The growing number of nurse practitioners in the United States parallels a drop in the number of registered nurses and a shift in where nurses are employed, according to a study published this week in Health Affairs.
The “unprecedented” change is occurring as concerns about physician shortages have spurred rapid expansion of education programs that have attracted millennial generation workers, wrote lead author David I. Auerbach, from Montana State University’s College of Nursing.
Between 2010 and 2017, the number of NPs in the U.S. more than doubled — from about 91,000 to 190,000, according to the authors. There are also new trends in where these nurses work. Employment is now concentrated in hospitals, physician offices, and outpatient care centers, they reported.
In addition, NPs are no longer clustered in primary care but rather work across fields, said Gary LeRoy, M.D., president of the American Academy of Family Physicians, in a Medscape Medical News report. “They are in virtually every specialty of medicine,” he said.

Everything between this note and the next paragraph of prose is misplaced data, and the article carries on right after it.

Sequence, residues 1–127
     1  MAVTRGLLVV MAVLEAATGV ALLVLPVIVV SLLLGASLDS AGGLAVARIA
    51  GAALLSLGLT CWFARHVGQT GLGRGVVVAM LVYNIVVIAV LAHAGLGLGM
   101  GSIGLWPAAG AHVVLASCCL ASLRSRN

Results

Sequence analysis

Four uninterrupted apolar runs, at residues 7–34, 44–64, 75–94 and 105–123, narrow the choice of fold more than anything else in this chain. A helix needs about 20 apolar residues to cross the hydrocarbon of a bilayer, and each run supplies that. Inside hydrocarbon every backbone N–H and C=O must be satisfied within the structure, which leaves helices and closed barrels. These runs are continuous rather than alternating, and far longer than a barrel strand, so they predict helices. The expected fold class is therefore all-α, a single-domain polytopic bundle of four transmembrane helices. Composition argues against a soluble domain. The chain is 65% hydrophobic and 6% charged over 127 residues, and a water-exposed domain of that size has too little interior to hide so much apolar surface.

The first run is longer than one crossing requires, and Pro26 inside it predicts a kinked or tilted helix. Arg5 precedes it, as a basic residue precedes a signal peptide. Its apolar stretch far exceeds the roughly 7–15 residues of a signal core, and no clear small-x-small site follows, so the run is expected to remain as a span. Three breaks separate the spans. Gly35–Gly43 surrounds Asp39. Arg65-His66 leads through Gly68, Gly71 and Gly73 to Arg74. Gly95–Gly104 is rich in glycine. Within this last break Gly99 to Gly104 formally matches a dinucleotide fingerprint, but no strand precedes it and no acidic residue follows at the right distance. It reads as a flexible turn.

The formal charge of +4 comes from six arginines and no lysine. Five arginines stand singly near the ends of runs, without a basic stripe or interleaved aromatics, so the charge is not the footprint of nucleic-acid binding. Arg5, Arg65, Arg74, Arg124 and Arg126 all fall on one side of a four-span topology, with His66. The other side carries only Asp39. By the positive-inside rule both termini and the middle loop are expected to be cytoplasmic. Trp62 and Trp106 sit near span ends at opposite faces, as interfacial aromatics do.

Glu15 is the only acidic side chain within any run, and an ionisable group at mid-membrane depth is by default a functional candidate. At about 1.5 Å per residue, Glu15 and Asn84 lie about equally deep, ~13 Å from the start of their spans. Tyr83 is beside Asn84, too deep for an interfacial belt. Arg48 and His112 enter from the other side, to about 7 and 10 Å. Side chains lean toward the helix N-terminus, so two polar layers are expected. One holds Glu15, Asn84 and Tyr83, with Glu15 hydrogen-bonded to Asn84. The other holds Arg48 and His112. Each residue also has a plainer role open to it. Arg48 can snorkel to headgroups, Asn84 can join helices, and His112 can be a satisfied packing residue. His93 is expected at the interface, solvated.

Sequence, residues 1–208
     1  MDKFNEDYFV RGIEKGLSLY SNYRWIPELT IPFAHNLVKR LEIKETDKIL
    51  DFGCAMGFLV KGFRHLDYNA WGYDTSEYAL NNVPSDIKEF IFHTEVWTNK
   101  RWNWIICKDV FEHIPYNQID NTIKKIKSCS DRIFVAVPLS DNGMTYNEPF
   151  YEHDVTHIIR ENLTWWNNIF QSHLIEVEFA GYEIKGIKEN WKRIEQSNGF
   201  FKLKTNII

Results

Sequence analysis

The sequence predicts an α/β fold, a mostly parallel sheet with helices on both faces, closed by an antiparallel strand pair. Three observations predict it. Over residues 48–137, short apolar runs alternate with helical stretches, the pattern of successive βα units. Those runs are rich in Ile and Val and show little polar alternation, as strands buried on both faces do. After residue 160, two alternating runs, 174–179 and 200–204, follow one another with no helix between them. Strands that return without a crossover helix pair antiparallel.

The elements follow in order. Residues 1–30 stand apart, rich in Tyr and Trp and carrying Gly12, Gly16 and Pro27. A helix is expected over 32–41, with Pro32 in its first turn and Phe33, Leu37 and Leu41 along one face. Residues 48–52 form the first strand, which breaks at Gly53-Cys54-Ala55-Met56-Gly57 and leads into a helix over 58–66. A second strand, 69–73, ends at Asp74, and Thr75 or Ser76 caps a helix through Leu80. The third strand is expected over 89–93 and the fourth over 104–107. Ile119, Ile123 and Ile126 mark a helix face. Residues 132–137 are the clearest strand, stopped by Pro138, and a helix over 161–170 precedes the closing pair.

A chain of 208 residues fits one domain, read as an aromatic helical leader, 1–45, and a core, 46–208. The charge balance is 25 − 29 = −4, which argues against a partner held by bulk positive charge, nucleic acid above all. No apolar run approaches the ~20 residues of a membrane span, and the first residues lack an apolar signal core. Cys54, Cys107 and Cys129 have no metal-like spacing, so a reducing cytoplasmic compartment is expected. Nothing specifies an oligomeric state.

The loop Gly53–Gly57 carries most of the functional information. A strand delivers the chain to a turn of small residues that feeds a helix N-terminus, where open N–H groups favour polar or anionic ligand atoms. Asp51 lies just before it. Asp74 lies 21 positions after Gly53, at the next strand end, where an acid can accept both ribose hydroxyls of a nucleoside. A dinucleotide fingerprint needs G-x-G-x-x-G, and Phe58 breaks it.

Likewise, “[t]here are RNs who may never work in a hospital,” Brooke Trainum, JD, assistant director for policy and regulatory advocacy at the American Nurses Association, told the news outlet.
Meanwhile, the substantial growth in the number of NPs has reduced the size of the registered nurse workforce to as many as 80,000 individuals nationwide, the study’s authors found.
“In the future, hospitals must innovate and test creative ideas to replace RNs who have left their positions to become NPs, and educators must be alert for signs of falling earnings that may signal the excess production of NPs,” concluded Auerbach and colleagues.